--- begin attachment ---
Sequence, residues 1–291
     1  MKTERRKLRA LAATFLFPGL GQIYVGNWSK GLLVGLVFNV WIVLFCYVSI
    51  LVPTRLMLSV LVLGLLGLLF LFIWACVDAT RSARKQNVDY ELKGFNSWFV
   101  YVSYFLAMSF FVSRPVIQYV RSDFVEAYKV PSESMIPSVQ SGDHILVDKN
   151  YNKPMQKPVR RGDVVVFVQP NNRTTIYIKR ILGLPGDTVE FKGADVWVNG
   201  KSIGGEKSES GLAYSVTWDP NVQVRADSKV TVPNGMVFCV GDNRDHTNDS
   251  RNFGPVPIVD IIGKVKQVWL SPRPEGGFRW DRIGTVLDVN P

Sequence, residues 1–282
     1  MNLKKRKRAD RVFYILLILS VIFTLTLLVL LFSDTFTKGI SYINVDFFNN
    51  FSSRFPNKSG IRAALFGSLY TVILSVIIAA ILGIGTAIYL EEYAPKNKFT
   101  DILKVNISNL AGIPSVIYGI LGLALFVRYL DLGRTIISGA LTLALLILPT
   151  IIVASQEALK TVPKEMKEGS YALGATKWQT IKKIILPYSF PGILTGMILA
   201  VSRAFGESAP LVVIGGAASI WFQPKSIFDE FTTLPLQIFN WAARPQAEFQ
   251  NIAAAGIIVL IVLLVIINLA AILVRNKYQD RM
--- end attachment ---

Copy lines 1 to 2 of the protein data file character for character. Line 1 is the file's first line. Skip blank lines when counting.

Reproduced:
Sequence, residues 1–291
     1  MKTERRKLRA LAATFLFPGL GQIYVGNWSK GLLVGLVFNV WIVLFCYVSI